Analytical accuracy of SBGM systems will need to improve if they are to be used in critically ill hospitalised children and adults to adjust insulin infusions safely as part of tight glucose control protocols. SBGM should be a part of each child’s school care plan. Indeed, the importance of maintaining relatively euglycaemic BG levels during school is supported by recent evidence suggesting that both hypo- and hyperglycaemia have negative effects on cognitive function.41
On the other hand, CGM is in its infancy. It clearly produces glucose readings that are less analytically and clinically accurate than those generated by SBGM devices, but the additional information that CGM data communicate can more than offset this inaccuracy. As these systems become more accurate, their use in new and more sophisticated applications can be anticipated.
The potential changes in diabetes care which this powerful new monitoring tool may be expected to produce include marked
reductions in severe hypoglycaemia, glycaemic variability, HbA1c and by extension acute and long-term complications of type 1 diabetes. The role of CGM systems in the development of a practical closed-loop artificial pancreas for outpatient management of children with type 1 diabetes is clearly one of the most anticipated applications. n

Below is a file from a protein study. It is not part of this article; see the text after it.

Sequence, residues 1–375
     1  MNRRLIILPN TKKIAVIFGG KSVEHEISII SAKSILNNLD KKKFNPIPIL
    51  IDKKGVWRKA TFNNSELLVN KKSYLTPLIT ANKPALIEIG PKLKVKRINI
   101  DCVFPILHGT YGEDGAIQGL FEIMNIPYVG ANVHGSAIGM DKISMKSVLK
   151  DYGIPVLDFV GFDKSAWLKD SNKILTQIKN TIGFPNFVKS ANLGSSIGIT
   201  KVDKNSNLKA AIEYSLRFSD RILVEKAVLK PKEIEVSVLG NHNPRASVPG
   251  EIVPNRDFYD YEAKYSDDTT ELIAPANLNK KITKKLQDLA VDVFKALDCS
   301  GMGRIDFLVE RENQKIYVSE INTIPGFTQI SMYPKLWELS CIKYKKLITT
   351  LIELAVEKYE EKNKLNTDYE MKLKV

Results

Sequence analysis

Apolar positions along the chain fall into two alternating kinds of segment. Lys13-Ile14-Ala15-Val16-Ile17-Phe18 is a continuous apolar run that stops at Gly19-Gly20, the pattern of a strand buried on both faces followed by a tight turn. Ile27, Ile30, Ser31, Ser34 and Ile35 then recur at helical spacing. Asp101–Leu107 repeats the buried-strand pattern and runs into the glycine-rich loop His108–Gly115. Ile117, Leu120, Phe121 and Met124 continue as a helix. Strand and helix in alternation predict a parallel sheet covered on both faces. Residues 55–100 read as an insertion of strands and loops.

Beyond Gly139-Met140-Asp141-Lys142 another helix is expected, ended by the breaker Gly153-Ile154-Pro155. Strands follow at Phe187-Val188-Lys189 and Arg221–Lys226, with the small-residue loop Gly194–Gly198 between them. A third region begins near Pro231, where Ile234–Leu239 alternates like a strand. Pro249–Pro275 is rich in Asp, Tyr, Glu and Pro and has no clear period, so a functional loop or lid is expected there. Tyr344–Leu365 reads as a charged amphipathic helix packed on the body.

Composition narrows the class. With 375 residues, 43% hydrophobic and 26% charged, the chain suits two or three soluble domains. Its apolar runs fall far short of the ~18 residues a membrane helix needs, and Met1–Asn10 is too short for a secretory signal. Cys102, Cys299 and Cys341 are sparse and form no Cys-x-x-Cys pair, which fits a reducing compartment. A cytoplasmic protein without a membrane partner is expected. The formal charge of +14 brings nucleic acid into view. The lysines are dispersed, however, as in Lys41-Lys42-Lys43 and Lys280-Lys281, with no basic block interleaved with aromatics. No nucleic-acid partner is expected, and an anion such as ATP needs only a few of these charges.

29. Buckingham B, Chase H, Dassau E, et al., Prevention of nocturnal hypoglycemia using predictive alarm algorithms and insulin pump suspension, Diabetes Care, 2010;33:1013–17.
30. Dassau EE, Cameron F, Lee H, et al., Real-time hypoglycemia prediction suite using continuous glucose monitoring, Diabetes Care, 2010;33:1249–54.
31. The JDRF Continuous Monitoring Study Group, Continuous glucose monitoring and intensive treatment of type 1 diabetes, N Engl J Med, 2008;359:1464–76.
32. Diabetes Research in Children Network (DirectNet) Study Group, Continuous glucose monitoring in children with type 1 diabetes, J Pediatr, 2007;151:388–93.
33. Chase H, Beck R, Xing D, et al., Continuous glucose monitoring in youth with type 1 diabetes: 12 month follow-up of the Juvenile Diabetes Research Foundation Continuous Glucose Monitoring Randomized Trial, Diab Technol Ther, 2010;12:507–15.